This might sound bad, but there are loads of successful, profitable companies in this region.  Most of the traditional strategy tools that organisations use are designed to get you into this category – where you have a sustainable competitive advantage and you can build a protective moat around it to keep others out.

The organisations in the middle column realise that innovation is important, and they are committed to doing it.  Most of the time, these organisations have a core value that they use to differentiate themselves, and all of their innovation is done to support this core value.

On the other hand, innovation itself is the core value, and the main source of differentiation for the organisations in the column on the right.

We can sort organisations in the same way in rows.  Those on the bottom aren’t getting any positive innovation outcomes.  They might not be generating any ideas at all, or they might be generating plenty of ideas, but those ideas aren’t creating value, and they aren’t spreading.

Organisations in the middle are pretty good at executing new ideas to create value.  They do it regularly.  However, nearly all of their innovations are incremental – this is how we can tell them apart from organisations in the top row.

The ones on top are the ones that are great at innovating.  They come up with both incremental innovations, and bigger ones – new product categories, or new business models.  They probably innovate everything – products, services, processes, and business models.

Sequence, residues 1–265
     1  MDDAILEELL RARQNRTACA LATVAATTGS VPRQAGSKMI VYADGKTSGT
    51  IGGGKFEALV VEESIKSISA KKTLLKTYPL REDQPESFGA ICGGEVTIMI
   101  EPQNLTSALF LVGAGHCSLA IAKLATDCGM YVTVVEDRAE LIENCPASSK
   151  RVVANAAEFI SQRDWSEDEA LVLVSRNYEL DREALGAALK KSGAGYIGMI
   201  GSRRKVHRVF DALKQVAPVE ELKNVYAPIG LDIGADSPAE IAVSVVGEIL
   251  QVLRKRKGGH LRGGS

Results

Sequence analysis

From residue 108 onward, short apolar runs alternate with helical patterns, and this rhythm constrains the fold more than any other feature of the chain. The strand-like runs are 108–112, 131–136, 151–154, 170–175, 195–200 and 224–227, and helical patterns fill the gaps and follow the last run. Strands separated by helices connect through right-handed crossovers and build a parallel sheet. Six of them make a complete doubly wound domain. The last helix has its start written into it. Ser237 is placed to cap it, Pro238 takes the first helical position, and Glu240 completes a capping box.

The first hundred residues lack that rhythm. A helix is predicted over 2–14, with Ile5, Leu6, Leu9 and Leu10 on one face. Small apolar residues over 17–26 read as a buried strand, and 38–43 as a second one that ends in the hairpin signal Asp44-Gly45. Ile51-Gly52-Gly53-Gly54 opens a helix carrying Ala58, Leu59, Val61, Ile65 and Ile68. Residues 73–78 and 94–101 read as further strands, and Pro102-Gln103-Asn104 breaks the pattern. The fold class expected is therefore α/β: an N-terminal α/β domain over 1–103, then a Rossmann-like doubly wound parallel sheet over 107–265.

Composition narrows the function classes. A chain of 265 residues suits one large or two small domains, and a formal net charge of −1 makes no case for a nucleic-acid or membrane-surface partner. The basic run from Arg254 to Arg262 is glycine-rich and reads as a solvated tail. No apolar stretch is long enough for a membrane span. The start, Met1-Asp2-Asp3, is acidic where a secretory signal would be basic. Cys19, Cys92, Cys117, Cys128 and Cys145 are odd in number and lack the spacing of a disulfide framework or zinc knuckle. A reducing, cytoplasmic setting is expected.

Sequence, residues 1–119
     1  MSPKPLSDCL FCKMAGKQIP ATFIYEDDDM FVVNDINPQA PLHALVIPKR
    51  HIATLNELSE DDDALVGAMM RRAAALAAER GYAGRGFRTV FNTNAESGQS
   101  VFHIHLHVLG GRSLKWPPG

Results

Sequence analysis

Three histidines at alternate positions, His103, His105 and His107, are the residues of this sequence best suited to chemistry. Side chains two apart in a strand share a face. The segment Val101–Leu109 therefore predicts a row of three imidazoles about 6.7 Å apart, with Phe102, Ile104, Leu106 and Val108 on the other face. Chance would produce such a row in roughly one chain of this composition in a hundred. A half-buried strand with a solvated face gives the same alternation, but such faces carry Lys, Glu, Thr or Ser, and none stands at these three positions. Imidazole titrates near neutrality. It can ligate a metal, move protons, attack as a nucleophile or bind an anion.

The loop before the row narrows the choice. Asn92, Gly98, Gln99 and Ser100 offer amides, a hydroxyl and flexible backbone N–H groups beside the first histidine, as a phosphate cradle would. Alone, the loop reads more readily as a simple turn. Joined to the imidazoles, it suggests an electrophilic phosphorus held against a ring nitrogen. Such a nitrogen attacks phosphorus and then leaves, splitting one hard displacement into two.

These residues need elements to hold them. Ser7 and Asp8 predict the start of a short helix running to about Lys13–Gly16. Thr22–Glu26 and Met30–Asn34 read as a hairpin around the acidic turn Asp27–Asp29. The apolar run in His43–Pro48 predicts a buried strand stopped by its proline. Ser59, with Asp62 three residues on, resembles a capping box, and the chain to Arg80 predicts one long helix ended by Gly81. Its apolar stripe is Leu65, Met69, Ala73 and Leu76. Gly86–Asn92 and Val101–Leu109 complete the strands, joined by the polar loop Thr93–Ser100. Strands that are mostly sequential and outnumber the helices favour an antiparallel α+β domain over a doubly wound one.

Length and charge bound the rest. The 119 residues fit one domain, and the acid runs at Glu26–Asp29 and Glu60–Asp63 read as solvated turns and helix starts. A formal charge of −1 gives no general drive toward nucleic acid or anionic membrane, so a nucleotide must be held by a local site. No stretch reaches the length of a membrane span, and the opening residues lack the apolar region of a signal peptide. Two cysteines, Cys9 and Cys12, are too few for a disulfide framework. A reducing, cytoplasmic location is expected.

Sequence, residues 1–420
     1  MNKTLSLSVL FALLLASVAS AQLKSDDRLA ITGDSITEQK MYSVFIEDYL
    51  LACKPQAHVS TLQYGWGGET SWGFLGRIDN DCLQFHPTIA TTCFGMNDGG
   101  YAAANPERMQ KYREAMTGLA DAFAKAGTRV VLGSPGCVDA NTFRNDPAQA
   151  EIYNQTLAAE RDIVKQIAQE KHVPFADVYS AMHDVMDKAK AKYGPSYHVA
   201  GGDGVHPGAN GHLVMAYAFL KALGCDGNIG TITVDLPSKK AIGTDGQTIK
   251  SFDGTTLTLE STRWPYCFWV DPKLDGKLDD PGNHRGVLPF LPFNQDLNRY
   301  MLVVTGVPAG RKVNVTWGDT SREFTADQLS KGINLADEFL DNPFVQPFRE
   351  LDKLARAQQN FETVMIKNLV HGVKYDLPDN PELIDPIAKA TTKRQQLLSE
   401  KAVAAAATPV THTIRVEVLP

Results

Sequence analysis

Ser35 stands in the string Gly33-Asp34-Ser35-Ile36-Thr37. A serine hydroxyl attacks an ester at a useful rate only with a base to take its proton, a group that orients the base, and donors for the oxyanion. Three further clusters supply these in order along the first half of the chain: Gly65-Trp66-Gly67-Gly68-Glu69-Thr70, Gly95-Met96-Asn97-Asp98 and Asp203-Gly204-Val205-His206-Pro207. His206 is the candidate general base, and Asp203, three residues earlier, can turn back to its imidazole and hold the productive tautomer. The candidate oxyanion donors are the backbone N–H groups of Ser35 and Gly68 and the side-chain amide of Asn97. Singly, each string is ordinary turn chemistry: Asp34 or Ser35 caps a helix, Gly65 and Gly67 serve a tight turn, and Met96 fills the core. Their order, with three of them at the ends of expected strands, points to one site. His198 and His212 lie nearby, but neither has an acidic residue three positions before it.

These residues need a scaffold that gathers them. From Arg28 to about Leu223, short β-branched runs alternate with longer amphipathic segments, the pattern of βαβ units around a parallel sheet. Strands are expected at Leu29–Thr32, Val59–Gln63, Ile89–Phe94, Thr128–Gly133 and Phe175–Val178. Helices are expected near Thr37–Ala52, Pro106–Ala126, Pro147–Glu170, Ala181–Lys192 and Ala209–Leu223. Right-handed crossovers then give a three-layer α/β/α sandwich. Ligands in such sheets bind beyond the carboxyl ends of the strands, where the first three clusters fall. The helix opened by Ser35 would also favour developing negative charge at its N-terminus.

If we put these six categories together, we can identify nine types of innovative organisations:

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This has some important outcomes:

  • It helps you identify where you are right now, and where you want to go. This journey is a big part of developing a strategy, and it can help you figure out where innovation should sit in your business model.
  • You can discover which tools to use.  The big problem with many of the 54,000 innovation books is that they try to provide one-size-fits-all solutions.  The problem is that in a complex world, using a one-size-fits-all tool can do more harm than good.  The Innovation Matrix will help you figure out which ones are right for you in your current situation.
  • No one stays in the same box for long.  When you start mapping organisations using this tool, you quickly realise that nothing stays the same.  Organisations follow trajectories through the various regions.  The dynamics of innovation are very important.

Traditional strategy is dead – so what should you do?  Innovate.

We’re working on new names for the nine categories (to answer the most common question I get when I say that – yes, Unicorns are still there), tools, operating rules and investment strategies that you can use in each region, and examples of how organisations have changed through time.

We’re going deep on this, and we’ll let you know what we learn.

If you have any questions, or problems that you need help with, please tell us.  If we connect up to discuss these, it’s likely to help make this a more useful tool for everyone.

 

 

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Student and teacher of innovation - University of Queensland Business School - links to academic papers, twitter, and so on can be found here.

Please note: I reserve the right to delete comments that are offensive or off-topic.

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14 thoughts on “Innovation Matrix 4.0 – Now With More @Nilofer